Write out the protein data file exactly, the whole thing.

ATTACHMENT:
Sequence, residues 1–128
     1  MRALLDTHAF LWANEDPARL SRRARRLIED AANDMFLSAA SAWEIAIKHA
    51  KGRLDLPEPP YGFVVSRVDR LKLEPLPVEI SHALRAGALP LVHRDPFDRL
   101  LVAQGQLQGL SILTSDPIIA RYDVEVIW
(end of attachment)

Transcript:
Sequence, residues 1–128
     1  MRALLDTHAF LWANEDPARL SRRARRLIED AANDMFLSAA SAWEIAIKHA
    51  KGRLDLPEPP YGFVVSRVDR LKLEPLPVEI SHALRAGALP LVHRDPFDRL
   101  LVAQGQLQGL SILTSDPIIA RYDVEVIW